For Asher, navigating the health-care system as a trans person can be especially challenging.

"The lack of available care and incredibly long wait times for everything from intake appointments to surgeries can make such an affirming process feel so frustrating and in some cases can be a real detriment to folks' mental health," he said.

Standing Up For Canada’s LGBTQ2S+ Community

When it comes to supporting the LGBTQ2S+ community, Asher believes that Canadians have to go beyond Pride celebrations and social media.

"Being an ally is doing the work to learn more about the history of our communities," he said.

"It’s supporting LGBTQ2S+ owned businesses, donating directly to charities that support our youth and those in need."

Introducing yourself with your pronouns (whether you're trans or not), calling out violence against queer and trans folk and continuing to educate yourself on terminology and intersectionality are small things everyone can do to better support LGBTQ2S+ Canadians.

"By putting these things into practice, allies will help to change the culture around gender identity and expression, and ideally will make society a safer place not only for the transgender community, but for all people," said Asher.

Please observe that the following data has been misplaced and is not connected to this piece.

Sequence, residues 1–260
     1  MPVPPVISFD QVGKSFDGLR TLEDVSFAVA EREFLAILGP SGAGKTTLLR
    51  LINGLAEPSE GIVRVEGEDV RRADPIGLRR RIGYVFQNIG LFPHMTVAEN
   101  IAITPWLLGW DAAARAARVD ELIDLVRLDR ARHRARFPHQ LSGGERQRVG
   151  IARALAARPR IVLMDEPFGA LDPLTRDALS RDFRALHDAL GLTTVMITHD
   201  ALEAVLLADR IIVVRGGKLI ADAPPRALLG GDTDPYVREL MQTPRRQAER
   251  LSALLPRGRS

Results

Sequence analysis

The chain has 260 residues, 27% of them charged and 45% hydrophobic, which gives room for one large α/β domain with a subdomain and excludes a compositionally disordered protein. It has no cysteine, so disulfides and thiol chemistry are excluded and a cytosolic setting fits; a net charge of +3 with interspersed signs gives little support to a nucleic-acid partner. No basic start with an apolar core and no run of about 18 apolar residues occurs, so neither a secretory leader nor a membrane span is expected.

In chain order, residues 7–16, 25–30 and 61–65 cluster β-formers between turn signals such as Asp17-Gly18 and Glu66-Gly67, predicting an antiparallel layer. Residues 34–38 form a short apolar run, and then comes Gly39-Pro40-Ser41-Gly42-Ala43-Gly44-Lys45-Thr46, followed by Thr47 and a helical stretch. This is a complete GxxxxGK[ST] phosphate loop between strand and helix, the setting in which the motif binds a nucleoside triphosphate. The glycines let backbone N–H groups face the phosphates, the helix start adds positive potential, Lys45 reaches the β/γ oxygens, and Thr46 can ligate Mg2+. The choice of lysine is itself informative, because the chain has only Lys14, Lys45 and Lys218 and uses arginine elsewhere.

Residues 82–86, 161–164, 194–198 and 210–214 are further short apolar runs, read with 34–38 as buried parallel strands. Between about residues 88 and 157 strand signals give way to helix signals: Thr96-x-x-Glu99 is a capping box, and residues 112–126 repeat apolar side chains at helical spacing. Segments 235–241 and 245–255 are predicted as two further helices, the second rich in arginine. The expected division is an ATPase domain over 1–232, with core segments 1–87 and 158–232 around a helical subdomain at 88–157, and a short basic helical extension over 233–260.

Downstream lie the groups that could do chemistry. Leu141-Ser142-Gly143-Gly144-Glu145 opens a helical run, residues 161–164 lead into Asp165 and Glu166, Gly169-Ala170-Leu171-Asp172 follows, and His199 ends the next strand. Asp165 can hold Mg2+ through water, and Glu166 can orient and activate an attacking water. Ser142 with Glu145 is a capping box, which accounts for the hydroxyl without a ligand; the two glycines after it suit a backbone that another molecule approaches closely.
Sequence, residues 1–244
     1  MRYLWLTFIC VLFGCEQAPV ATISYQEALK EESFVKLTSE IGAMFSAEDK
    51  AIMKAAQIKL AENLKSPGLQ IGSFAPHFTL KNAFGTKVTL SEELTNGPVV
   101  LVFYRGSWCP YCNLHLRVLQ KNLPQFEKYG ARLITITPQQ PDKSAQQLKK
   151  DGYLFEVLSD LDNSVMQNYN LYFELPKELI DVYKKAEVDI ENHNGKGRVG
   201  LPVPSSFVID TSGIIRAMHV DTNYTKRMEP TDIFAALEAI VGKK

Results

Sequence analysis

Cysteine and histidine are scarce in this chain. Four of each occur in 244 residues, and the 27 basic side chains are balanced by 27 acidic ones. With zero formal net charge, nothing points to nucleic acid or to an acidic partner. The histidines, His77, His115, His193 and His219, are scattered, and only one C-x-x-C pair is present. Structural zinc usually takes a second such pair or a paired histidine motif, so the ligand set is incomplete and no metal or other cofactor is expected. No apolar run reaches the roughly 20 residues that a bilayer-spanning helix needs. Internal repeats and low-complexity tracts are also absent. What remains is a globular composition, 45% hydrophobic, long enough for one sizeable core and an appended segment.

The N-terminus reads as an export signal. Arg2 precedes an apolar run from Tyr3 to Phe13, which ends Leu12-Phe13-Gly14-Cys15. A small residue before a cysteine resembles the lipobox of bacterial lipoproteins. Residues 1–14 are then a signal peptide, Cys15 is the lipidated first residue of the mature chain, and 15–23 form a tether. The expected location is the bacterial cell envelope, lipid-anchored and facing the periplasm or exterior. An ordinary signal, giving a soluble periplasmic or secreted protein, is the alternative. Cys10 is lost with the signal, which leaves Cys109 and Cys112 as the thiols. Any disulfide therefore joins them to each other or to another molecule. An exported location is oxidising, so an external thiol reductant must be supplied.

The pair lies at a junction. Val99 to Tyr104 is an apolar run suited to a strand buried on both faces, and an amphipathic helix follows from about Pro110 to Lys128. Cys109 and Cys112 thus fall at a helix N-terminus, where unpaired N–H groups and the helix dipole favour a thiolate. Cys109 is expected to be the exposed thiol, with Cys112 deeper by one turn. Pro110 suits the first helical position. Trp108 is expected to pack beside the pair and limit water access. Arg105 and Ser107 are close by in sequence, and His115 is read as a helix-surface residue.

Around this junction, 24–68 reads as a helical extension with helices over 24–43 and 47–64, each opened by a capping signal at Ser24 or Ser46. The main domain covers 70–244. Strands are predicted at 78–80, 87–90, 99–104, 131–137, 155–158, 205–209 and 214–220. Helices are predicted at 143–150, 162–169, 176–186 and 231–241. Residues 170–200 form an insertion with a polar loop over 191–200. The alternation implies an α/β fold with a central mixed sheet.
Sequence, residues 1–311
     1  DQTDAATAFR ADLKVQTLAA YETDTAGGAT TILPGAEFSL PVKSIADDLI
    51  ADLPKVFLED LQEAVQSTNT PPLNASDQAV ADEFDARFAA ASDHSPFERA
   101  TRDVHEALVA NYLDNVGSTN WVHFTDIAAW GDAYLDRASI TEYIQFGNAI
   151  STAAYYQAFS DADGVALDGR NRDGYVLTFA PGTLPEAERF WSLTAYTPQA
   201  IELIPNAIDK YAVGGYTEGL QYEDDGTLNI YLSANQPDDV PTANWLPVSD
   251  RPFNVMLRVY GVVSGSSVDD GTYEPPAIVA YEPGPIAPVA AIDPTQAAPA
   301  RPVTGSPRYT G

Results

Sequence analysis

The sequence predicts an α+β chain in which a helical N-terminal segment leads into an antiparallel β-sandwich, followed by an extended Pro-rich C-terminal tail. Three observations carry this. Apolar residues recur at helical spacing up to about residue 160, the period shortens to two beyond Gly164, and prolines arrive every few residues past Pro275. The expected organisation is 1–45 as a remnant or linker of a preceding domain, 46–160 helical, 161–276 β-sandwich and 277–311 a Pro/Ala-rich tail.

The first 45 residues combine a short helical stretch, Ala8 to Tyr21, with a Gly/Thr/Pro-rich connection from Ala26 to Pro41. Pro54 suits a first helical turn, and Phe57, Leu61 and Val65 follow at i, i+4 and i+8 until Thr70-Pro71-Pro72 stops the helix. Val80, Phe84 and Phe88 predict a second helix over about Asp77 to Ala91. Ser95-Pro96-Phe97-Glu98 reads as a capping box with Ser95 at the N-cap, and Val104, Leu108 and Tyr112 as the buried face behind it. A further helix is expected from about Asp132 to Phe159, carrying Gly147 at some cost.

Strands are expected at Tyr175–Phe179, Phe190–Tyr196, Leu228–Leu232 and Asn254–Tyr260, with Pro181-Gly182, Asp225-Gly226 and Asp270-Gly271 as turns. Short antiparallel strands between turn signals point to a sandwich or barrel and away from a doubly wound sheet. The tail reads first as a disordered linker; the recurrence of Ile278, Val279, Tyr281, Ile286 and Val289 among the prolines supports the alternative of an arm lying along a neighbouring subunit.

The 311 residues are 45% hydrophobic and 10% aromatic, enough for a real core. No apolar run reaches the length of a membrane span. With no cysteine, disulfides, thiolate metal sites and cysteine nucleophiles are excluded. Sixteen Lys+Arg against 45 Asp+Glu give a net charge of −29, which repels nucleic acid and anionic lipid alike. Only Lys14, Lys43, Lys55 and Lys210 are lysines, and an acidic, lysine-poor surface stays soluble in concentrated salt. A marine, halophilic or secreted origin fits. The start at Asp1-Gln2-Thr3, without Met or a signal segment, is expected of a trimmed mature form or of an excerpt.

True Name by Mastercard is now available at BMO, and for Emme, it’s already making a difference.

"It's the first card I've ever had with my name on it so it's actually a really special and wonderful feeling for me," they said.

"These spontaneous moments of euphoria are always so welcome. They serve as wonderful counters to the dysphoria that's out there! It's been a chance to start making those changes in a way that feels more formal and is the start of a process I might be able to finally take on."

To learn more about True Name by Mastercard, visit their website or follow Mastercard on Twitter and Instagram.

This interview has been condensed and edited for clarity.